A side effect is that learning ended up being a great way to get to know people. I would have never known about my friend Alice is Armenian had she not shown me how to make her delicious version of tzatziki (served with zuchini crisped up in a little olive oil- yum!). I discovered a boyfriend’s Italian roots when he revealed his grandmother’s calzone recipe. What better way to know someone then to cook with and eat with them something that they love?

The biggest cooking experiment was the Vinalhaven dinner club. As five single women living on an island bound together by our weekday supper club, we certainly learned a lot about everyone by taking turns cooking and eating with everyone five meals a week.

I love that most of my fondest memories involve food and getting back to those times just involves an hour or so in the kitchen.

What’s your favorite thing to cook that reminds you of someone? (Share links to recipes if they are online!)

Nicole runs Breaking Even Communications, an internet marketing company in Bar Harbor Maine. When she’s not online, she enjoys walking her short dog, cooking with bacon, and trying to be outdoorsy in Acadia National Park.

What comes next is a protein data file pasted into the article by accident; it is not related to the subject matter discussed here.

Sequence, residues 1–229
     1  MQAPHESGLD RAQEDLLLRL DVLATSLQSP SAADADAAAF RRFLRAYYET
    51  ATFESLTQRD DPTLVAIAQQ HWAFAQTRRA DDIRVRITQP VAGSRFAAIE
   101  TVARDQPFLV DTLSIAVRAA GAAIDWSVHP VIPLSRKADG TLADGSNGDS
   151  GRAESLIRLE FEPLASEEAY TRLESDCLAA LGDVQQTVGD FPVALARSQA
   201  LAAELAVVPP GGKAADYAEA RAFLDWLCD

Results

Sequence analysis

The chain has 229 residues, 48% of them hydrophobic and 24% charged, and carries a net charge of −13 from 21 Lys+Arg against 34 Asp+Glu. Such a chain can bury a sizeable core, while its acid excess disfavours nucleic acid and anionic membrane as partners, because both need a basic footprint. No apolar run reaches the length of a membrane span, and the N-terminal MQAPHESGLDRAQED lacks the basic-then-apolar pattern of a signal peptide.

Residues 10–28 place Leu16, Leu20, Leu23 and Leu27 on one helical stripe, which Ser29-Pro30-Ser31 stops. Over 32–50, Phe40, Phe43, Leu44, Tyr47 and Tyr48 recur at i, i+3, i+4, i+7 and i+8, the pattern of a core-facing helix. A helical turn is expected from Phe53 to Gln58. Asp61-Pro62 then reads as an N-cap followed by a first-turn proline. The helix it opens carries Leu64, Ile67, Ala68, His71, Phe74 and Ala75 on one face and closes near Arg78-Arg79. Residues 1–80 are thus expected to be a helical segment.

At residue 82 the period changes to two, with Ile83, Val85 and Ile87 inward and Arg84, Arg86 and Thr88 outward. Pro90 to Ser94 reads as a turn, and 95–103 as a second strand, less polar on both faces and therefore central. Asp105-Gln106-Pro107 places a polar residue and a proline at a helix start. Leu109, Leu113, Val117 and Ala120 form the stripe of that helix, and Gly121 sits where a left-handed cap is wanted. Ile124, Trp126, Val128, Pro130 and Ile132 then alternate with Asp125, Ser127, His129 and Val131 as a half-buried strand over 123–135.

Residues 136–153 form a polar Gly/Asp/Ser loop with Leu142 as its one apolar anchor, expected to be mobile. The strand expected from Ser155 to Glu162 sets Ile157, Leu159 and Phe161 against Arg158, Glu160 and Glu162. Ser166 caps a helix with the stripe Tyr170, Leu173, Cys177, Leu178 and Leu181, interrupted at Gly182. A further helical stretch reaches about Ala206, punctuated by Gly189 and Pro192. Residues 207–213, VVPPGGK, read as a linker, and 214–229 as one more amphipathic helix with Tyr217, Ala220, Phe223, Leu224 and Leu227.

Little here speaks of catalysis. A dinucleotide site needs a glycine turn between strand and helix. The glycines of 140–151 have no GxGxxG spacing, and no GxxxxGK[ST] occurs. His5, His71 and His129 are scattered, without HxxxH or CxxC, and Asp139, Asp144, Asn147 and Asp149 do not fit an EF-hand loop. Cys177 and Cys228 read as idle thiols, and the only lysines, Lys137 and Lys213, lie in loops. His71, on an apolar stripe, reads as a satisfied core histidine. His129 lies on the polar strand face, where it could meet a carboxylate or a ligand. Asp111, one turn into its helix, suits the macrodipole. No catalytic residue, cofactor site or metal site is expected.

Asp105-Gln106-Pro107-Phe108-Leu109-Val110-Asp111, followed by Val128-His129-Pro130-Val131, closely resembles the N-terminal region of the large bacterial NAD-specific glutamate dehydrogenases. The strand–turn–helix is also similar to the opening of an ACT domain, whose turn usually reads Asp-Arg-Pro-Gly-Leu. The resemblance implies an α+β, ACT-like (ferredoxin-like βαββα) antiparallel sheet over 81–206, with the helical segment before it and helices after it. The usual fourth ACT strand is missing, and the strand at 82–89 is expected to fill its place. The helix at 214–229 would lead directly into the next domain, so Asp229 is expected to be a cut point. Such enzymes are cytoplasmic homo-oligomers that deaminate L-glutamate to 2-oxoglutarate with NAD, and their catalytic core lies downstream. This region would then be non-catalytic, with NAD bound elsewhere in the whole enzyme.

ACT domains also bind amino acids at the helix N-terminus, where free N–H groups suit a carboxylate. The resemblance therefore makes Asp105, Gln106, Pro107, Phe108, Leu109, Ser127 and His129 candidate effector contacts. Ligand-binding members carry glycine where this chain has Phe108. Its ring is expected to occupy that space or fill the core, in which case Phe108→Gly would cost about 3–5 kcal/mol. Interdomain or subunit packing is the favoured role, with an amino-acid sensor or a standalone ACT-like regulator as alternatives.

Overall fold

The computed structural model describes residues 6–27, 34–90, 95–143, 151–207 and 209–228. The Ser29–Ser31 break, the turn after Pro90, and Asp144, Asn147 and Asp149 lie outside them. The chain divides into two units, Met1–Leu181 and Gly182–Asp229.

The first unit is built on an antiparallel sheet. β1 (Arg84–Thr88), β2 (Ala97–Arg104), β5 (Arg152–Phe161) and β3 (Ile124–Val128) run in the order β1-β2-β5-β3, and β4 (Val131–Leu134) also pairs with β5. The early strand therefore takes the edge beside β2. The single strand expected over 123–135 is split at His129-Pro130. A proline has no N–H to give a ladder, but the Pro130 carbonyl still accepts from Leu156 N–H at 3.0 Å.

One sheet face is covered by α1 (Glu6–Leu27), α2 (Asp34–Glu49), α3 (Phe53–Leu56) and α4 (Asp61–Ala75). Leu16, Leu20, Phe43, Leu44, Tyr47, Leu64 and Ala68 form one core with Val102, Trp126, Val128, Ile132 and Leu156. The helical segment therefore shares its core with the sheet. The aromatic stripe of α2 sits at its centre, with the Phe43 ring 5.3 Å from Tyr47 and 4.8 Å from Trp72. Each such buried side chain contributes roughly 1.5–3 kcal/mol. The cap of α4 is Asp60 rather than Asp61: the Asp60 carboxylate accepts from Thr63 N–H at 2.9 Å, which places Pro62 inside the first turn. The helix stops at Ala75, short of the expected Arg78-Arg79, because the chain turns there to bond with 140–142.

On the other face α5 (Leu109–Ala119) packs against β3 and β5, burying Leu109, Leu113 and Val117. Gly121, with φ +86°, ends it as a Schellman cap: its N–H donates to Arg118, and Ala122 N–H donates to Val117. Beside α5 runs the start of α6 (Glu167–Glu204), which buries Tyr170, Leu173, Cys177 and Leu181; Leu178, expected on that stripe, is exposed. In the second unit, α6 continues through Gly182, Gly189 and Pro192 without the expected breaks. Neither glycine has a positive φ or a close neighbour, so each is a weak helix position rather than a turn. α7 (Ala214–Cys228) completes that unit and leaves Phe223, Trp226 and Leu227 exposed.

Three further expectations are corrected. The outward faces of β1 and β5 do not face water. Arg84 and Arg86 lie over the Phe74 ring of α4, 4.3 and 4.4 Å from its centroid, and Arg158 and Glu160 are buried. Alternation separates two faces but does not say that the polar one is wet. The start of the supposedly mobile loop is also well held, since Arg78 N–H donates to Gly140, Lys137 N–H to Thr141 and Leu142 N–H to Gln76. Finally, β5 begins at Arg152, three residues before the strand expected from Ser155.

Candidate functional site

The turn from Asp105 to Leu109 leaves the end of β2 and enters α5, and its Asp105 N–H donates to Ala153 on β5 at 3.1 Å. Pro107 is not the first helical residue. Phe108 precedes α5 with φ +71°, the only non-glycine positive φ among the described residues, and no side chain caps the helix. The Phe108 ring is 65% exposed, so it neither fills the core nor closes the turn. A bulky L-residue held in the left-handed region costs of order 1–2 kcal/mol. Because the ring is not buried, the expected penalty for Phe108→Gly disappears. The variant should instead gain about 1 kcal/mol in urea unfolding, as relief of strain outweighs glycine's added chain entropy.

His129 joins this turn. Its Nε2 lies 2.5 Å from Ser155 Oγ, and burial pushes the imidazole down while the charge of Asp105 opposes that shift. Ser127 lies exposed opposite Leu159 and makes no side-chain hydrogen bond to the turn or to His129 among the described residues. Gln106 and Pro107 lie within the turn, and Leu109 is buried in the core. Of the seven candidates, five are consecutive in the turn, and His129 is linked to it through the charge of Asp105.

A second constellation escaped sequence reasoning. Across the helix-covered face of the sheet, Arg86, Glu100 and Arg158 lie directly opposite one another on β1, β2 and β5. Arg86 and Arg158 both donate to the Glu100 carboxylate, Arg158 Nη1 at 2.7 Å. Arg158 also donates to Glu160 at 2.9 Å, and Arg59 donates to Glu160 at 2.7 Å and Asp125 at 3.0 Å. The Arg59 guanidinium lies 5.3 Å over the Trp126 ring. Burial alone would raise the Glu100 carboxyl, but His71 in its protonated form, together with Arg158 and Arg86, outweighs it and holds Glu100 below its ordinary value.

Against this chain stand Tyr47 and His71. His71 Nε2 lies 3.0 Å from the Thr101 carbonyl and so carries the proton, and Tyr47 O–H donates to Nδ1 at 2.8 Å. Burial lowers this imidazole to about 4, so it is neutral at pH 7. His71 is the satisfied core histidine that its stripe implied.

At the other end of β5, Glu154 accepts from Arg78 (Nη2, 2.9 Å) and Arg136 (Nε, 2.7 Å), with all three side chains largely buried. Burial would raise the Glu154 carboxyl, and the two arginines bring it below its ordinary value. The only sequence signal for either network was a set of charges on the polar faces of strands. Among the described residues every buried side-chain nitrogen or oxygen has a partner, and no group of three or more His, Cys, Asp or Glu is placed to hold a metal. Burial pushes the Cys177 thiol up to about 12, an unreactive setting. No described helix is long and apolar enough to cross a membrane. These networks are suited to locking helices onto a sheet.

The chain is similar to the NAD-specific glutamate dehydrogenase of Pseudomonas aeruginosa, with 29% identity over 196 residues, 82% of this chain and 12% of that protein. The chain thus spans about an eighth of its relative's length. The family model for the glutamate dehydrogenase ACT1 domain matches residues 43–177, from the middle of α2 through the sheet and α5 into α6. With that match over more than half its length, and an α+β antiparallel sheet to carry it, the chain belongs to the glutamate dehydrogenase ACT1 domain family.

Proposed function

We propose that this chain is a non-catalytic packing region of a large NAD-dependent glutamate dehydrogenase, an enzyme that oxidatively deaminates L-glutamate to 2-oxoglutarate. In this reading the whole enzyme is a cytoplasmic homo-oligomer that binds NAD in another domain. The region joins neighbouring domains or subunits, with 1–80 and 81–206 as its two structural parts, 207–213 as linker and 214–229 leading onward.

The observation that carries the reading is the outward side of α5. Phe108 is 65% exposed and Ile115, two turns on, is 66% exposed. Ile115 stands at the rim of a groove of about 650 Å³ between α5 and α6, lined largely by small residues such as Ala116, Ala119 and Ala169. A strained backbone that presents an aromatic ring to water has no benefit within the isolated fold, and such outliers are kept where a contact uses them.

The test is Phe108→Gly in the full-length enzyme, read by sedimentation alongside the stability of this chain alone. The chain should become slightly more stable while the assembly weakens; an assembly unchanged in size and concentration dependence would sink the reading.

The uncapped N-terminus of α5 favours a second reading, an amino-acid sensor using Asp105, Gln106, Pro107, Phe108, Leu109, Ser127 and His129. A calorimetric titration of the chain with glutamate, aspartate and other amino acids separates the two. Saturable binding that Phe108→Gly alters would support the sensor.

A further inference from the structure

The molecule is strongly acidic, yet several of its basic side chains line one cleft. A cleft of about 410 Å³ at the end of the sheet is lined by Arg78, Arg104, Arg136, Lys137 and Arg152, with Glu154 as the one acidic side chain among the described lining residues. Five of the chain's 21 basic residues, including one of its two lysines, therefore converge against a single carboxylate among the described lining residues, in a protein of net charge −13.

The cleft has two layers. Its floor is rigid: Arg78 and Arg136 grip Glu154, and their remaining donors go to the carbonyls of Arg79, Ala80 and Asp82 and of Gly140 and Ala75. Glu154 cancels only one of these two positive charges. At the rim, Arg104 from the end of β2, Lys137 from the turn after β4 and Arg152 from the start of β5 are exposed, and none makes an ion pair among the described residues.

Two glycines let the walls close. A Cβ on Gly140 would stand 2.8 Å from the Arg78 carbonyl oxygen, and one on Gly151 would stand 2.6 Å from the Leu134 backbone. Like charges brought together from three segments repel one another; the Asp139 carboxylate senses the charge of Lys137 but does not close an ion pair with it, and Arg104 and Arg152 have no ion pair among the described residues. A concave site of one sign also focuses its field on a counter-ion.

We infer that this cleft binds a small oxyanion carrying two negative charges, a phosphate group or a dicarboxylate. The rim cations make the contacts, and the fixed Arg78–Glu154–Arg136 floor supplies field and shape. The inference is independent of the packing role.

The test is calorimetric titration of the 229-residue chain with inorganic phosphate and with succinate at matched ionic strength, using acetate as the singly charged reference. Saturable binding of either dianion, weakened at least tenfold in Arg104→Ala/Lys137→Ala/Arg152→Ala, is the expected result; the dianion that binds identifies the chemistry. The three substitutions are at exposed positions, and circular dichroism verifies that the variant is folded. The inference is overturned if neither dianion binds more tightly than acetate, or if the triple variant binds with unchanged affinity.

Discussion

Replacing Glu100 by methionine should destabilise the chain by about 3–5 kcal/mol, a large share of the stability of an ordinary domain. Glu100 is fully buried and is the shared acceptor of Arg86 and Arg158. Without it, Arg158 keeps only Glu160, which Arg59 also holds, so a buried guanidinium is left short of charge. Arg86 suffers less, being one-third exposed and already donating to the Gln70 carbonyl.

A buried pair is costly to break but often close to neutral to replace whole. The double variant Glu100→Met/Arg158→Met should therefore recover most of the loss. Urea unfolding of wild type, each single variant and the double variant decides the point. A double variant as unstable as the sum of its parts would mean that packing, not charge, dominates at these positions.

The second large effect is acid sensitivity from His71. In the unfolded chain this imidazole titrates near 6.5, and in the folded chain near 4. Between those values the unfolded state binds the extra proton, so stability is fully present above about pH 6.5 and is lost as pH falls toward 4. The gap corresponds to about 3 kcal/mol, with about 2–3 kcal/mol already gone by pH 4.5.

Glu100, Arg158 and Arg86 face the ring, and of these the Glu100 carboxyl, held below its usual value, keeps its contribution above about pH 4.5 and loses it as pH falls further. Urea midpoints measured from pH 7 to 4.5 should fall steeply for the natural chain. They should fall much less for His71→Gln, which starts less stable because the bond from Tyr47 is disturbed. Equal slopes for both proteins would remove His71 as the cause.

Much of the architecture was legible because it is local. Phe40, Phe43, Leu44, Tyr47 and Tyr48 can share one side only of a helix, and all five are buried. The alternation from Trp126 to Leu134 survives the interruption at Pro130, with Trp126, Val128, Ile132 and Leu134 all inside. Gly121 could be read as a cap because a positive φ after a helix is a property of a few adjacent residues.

Fun Friday: Things I’ve Learned On Reality Dating Shows

At the end of the week, I write about whatever I want. Because I can.

So my love for television shows that most people publicly shame is well documented. My latest guilty pleasure has been dating shows. I could only stomach about 15 minutes of the Bachelor but the less sincere ones like ‘Seducing Cindy’ and ‘Rock of Love’ make me laugh out loud about group dynamics and the predictability of people’s public behavior.